Gates, S. D., McCartt, A. D., Jeffries, J. B., Hanson, R. K., Hokama, L. A., & Mortelmans, K. E. (2011). Extension of Bacillus endospore gas dynamic heating studies to multiple species and test conditions. Journal of applied microbiology, 111(4), 925-931.
Shock wave–induced damage to a variety of Bacillus endospore species is studied for a wide range of postshock temperatures and test times in oxidative and non-oxidative gas environments.
Methods and Results
Bacillus atrophaeus and Bacillus subtilis endospores are nebulized into an aqueous aerosol, loaded into the Stanford aerosol shock tube (SAST) and subjected to shock waves of controlled strength. Endospores experience uniform test temperatures between 500 and 1000 K and pressures ranging from 2 to 7 atm, for either a short test time (∼2·5 ms) or a relatively long test time (∼45 ms). During this process, the bioaerosol is observed using in situ laser absorption and scattering diagnostics. Additionally, shock-treated samples are extracted for ex situ analysis including viability plating and flow cytometry. For short test times, results are consistent with previous studies; all endospore species begin to lose the ability to form colonies when shock-heated to temperatures above 500 K, while significant breakdown in morphology is observed for postshock temperatures above 700 K. Oxidative bath gases did not affect viability losses or morphological breakdown rates. Experiments with extended postshock test time showed increased viability loss with minimal morphological damage for shocks between 600 and 700 K.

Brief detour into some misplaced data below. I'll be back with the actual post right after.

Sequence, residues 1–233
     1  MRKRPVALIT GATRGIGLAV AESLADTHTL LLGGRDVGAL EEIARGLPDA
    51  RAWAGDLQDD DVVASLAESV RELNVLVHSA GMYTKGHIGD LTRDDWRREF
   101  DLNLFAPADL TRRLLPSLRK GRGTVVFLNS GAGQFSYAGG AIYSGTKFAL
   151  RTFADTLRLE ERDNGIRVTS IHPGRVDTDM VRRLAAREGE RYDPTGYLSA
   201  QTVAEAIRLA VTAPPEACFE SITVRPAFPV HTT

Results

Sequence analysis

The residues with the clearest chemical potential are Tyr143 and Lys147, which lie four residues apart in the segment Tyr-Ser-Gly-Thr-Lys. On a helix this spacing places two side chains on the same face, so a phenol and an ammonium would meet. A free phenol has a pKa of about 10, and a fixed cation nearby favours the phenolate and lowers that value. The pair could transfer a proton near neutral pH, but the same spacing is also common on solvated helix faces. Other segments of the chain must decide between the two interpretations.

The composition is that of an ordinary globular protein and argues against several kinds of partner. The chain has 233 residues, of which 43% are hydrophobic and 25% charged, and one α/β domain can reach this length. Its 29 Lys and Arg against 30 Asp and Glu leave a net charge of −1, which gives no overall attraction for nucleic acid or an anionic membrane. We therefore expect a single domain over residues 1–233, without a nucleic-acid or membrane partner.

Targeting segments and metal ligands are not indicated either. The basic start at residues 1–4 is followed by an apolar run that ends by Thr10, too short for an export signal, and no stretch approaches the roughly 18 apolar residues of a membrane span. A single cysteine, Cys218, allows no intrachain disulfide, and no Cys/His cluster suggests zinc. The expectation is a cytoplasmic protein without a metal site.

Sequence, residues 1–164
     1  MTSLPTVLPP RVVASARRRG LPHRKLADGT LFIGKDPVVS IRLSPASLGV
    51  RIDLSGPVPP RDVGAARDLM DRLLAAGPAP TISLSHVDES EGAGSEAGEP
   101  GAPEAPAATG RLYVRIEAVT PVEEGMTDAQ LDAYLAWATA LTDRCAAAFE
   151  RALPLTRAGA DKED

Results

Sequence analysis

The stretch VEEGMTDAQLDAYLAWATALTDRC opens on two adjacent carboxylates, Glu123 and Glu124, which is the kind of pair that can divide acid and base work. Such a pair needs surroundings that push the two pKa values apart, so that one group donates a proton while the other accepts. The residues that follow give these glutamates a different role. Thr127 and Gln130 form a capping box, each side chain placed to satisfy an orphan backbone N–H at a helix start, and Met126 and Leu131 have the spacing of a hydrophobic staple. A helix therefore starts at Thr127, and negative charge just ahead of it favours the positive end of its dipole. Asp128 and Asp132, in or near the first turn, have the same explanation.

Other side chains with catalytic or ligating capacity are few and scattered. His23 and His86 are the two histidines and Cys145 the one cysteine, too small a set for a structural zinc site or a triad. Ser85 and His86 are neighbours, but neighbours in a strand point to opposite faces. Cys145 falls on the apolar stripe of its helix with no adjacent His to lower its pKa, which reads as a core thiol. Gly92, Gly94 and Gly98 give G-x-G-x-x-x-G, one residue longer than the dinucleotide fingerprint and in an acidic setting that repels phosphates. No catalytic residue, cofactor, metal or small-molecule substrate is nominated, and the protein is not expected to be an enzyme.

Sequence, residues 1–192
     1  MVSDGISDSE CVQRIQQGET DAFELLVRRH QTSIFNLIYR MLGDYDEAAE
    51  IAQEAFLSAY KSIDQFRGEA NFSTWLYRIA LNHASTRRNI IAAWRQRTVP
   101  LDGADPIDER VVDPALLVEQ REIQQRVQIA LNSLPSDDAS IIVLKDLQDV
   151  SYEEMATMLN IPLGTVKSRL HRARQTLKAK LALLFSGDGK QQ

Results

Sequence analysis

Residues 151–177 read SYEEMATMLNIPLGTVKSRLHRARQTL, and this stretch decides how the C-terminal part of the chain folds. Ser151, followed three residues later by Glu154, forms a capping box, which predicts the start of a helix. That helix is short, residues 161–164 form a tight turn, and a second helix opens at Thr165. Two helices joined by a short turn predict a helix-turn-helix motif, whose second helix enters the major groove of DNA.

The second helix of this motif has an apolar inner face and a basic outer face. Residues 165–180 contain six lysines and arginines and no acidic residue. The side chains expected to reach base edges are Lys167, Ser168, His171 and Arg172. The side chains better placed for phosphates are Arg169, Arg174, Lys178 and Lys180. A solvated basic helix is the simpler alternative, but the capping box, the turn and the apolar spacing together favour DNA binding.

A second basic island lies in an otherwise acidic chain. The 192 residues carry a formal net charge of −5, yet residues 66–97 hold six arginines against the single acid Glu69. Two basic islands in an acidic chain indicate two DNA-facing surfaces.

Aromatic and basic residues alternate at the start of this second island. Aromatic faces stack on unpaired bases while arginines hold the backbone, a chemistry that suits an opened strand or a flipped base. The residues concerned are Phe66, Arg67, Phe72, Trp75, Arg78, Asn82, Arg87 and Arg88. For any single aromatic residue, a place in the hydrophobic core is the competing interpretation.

Genetic differences between B. subtilis and B. atrophaeus endospores do not confer noticeable gains in resistance to shock heating. Oxidative environments do not exacerbate shock-induced damage to endospores. Extended test time experiments reinforce our hypothesis that a temperature/time-dependent inactivation mechanism that does not involve morphological breakdown exists at low-to-moderate postshock temperatures.
Significance and Impact of the Study
The methodology and experiments described in this paper extend the study of the interactions of endospores with shock/blast waves to new species and environmental conditions.